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Governments Shouldn't Play Games with the Internet

Steve DelBianco

Governments often use small players as pawns in their global games of chess. Two weeks ago the European Court of Justice invalidated the EU-US Safe Harbor ("Safe Harbor") framework, turning Internet businesses into expendable pawns in a government game. But for the past fifteen years, Safe Harbor allowed data flows across the Atlantic — fostering innovation and incredible economic development.

The Safe Harbor agreement mirrors the original goal of the Internet, ubiquitous information sharing regardless of borders. Now, with quadrillions of bytes of data transferred daily between our nations, accounting for trillions of dollars in trade, the Internet is essential for the global economy.

It's no surprise that European institutions are looking for leverage to force the US government to negotiate further surveillance reforms. What's troubling is the "strategic" move by European governments to conflate Snowden revelations of government surveillance with commercial data practices, in order to invalidate Safe Harbor. European governments don't like that the American government spies on them and are using the Safe Harbor to reshape the negotiations. And while privacy is a fundamental right in Europe, it feels like governments are fighting and that private citizens and businesses have become the pawns.

But while the battle of global powers goes on, others are trying to misapply the European Court's decision for their own benefit. Last month, at an Internet Caucus Safe Harbor event in Washington, EU panelists avoided discussing the European Court's decision and instead turned their fire on private-sector data collection. However, the sinking of Safe Harbor was not about private businesses; it was about government surveillance. If we want to address the concerns of the Court, this sleight-of-hand is a dangerous distraction.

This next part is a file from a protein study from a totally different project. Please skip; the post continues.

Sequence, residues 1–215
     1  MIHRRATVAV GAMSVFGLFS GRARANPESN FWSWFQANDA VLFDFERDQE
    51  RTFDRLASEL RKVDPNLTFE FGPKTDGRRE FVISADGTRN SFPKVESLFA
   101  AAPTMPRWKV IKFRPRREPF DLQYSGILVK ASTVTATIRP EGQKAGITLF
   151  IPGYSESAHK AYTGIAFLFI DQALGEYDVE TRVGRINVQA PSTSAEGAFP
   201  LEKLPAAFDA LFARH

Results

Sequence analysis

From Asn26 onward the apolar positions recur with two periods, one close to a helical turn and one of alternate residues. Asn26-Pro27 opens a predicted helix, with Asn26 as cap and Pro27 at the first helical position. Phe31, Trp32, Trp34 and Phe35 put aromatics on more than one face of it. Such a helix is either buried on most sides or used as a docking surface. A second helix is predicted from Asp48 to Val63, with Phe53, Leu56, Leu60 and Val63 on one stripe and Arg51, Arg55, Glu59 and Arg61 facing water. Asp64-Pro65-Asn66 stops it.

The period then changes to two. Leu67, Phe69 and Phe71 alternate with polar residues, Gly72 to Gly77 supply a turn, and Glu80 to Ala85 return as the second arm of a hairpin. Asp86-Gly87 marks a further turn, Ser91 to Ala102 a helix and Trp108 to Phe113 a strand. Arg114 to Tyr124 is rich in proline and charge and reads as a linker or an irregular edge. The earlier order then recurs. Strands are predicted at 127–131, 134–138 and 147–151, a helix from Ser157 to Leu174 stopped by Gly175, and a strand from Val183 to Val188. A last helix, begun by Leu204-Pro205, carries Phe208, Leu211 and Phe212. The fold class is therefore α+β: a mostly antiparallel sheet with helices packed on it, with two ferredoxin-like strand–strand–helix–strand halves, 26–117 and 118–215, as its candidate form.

For more than 30 years, the EU has recognized that "cross-border flows of personal data are necessary to the expansion of international trade." Since the Court's decision was solely about government surveillance, the solutions must come from government-to-government dialogues. And only governmental entities can address these problems.

Our industry has pushed for surveillance reforms and we've achieved quite a bit in the U.S. since the initial Snowden revelations. Internet companies lobbied Congress to pass the USA Freedom Act, which prohibits the bulk collection of communications metadata under various legal authorities. NetChoice member companies have also been instrumental in pushing for enactment of the Judicial Redress Act, which the U.S. House of Representatives recently passed unanimously. Additionally, the Privacy and Civil Liberties Oversight Board published two comprehensive reports with concomitant recommendations related to key sections of the Foreign Intelligence Surveillance Act (FISA).

But these surveillance reforms must occur on both sides of the Atlantic. The US government should reform its surveillance, and European governments should do the same. Indeed, the European Court's decision raises serious questions about whether surveillance laws in EU member states can withstand legal scrutiny under European law. Fortunately, there are wise folks in Europe who are now looking inward and realizing that their own laws are susceptible to the Safe Harbor legal challenge.

To overcome this Internet setback, governments on both sides of the Atlantic should enact government surveillance reforms as they enact a successor to Safe Harbor